In addition to the main quest, there are plenty of side quests to keep you busy, and unlike the first game, you can go back to them any time you wish. For example, there are 7 missing Nameks you’ll need to find during the course of the game. You can either choose to find them now, or wait until you finish the main quest first. Either way, the quest will still be there for you to pursuit. All of the side quests are game exclusive, and do a good job of lengthening the game. Some seem out of place, however, such as finding someone a sandwich so a parade can start, or forcing a local yokel to turn down his loud music. Such quests were prevalent in the first game as well, but they are better executed here.
A staple of the DBZ universe involves characters getting stronger and stronger to the point of being completely ridiculous. LOG2 takes this staple and integrates a feature I’ve never seen in an RPG: forced leveling-up. What will happen is this: during the game, you’ll encounter several doors (all character-specific) that can only be opened when that character reaches a certain level. So if your Vegeta is Level 27, and you encounter a Level 30 door, you’ll need to fight more baddies to proceed. Some of this may be tedious if you go through the game to fast, but I find this system to be strangely innovative. Who would have thought leveling up would give more rewards than just stronger characters?
One of the few redeeming features (okay, the ONLY redeeming feature) from the first LOG was decent graphics. (Any game that has fluid animated openings on a friggin’ HANDHELD will impress me. Even if it is just a big animated gif.) This game takes those graphics, and improves on them immensely. The environments are downright BEAUTIFUL on the small screen, with greatly detailed cities, forests, islands, and mountain areas. With over ten giant game maps to explore, you’ll have plenty to marvel over.
The character sprites are decent, but still look a little small in comparison on the screen. Luckily, the majority of the bosses are two to three times the size of your fighters, so it’s easier to distinguish things in a boss fight.
The game sports a great soundtrack, which includes music directly from the American dub. Unlike the voices in the dub, the music ranges from tolerable to enjoyable, and is translated very well into the game. There are also some original tracks as well, which sound superior.
Sound effects are mostly average, with your simple punch and beam noises, but also included are effects taken directly from the TV show. The sound of characters flying and turning Super Saiyan are completely intact, and add much more as you progress through the game.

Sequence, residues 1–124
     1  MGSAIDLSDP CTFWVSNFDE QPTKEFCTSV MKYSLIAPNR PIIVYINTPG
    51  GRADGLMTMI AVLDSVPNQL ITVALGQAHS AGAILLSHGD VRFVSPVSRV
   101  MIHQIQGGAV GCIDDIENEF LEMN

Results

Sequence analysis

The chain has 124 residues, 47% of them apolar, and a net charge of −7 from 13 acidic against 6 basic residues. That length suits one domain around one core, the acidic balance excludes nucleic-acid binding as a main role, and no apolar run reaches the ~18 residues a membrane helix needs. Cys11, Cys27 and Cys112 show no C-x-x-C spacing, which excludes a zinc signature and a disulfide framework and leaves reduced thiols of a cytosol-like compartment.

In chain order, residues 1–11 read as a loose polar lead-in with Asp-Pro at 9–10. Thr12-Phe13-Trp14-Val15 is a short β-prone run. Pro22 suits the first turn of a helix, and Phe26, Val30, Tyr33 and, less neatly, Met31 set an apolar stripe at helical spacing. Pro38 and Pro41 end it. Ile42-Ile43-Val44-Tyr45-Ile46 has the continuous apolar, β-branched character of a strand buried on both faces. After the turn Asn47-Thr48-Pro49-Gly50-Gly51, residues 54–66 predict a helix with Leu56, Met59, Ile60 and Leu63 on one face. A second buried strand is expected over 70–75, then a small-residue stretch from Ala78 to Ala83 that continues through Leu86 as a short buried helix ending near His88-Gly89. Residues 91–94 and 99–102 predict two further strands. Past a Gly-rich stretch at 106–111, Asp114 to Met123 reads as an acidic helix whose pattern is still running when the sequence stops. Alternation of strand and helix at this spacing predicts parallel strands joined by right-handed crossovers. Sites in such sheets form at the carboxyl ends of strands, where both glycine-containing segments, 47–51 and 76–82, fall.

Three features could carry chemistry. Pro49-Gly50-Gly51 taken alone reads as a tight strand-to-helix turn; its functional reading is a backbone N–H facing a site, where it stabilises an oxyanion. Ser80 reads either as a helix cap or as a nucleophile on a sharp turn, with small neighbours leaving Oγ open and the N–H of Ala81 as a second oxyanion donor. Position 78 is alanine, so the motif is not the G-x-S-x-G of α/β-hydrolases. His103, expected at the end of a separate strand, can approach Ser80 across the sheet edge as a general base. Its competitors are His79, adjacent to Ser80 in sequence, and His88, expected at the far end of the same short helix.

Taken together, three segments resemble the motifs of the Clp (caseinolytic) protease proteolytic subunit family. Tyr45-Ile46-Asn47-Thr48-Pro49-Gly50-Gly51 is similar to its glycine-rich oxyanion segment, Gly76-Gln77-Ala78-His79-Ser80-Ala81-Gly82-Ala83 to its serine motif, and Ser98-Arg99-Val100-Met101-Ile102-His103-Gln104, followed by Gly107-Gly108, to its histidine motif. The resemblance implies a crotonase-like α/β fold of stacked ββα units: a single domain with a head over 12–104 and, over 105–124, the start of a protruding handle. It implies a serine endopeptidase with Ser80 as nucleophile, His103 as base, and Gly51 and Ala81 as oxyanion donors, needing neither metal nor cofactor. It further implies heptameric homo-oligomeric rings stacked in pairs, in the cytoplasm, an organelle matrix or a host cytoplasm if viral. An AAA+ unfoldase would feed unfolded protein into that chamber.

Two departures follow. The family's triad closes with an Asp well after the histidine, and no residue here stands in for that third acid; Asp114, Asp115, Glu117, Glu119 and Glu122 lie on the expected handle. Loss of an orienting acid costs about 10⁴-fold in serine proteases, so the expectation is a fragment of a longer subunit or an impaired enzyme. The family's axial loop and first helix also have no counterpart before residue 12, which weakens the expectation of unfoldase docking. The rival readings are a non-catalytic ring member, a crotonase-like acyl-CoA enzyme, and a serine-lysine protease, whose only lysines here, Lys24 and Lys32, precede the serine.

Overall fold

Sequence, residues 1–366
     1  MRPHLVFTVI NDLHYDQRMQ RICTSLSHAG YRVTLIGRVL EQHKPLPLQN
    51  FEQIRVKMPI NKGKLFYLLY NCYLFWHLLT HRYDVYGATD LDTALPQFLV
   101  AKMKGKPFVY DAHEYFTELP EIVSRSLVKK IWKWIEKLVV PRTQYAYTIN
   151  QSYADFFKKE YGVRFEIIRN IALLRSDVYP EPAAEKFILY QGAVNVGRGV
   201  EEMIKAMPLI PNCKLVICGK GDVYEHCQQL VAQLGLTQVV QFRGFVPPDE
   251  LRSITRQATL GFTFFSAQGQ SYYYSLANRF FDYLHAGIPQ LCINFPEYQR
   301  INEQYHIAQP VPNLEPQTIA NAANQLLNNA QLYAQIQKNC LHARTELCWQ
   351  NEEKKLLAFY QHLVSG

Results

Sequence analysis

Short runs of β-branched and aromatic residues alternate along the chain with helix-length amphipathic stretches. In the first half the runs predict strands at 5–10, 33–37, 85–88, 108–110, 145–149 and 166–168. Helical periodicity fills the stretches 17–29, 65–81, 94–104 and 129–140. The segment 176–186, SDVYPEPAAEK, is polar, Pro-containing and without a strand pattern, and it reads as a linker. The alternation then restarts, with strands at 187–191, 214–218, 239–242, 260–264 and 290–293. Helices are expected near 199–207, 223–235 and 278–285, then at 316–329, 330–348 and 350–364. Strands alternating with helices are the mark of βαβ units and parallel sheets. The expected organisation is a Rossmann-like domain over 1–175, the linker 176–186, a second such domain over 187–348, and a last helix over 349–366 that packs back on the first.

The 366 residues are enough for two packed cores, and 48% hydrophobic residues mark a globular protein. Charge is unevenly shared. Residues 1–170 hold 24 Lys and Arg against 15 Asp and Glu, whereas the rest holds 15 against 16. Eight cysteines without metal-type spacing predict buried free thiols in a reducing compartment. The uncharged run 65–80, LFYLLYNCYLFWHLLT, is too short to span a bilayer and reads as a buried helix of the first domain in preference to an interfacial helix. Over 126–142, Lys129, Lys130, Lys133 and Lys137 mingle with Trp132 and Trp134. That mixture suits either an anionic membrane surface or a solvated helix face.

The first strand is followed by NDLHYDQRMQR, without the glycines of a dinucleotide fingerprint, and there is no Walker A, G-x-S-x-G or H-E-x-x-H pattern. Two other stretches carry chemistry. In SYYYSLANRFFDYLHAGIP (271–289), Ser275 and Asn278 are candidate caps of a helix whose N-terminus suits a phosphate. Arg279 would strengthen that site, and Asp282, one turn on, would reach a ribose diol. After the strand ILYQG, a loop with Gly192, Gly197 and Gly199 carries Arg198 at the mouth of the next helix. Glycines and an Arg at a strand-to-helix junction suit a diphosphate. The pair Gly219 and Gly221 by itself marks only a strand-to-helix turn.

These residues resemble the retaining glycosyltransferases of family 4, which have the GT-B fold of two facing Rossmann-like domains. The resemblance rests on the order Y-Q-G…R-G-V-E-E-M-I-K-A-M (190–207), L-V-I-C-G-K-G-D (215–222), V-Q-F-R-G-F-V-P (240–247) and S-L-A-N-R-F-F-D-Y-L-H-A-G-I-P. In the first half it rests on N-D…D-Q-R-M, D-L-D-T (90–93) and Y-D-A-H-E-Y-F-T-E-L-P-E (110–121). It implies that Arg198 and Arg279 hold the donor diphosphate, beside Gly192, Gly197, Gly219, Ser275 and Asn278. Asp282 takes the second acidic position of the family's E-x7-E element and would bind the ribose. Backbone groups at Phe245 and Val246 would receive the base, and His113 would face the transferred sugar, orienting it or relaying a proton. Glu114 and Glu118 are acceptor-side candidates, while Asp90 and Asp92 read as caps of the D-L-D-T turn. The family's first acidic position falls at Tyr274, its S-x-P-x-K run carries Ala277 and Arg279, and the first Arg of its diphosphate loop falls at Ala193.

As said above, there are many side quests to keep you busy during and after the game. And some of these side quests offer great rewards. Finding the seven Nameks, for example, will allow you to travel to the Namekian home world. Once there, you’ll be able to fight a special hidden boss, which appeared only in the DBZ movies. There are also 25 “Golden Capsules” to look for, if you’re up to the challenge. You’ll also have access to a Scouter, in which you can “scan” friends and enemies for their vital information. Once done, you can view them any time you want when you return to the Capsule Corporation.
Another interesting feature is the inclusion of the “Level 50″ doors. As you’ve probably guessed, your characters need to be Level 50 to open them (which is the maximum level in this game). If you get your characters to Level 50 and open the doors, you’ll obtain special trophies. Collect all the trophies, and you’ll unlock a 6th playable character. Although, when you find out who this character is, you might think it’s a sick joke the developers pulled on you, but believe it or not, it’s worth it.
But here we come to the catch-22 of the game. As fun as it is, the game is primarily aimed at fans of the show. Those who watch the show on a regular basis probably have the game right now, and others who don’t watch will pass it up completely. For those who don’t watch the show, I advise you to rent it at least. It’s a surprisingly solid RPG, and with the story translated near flawlessly to game form, you won’t be missing anything important.
Fun Factor: 8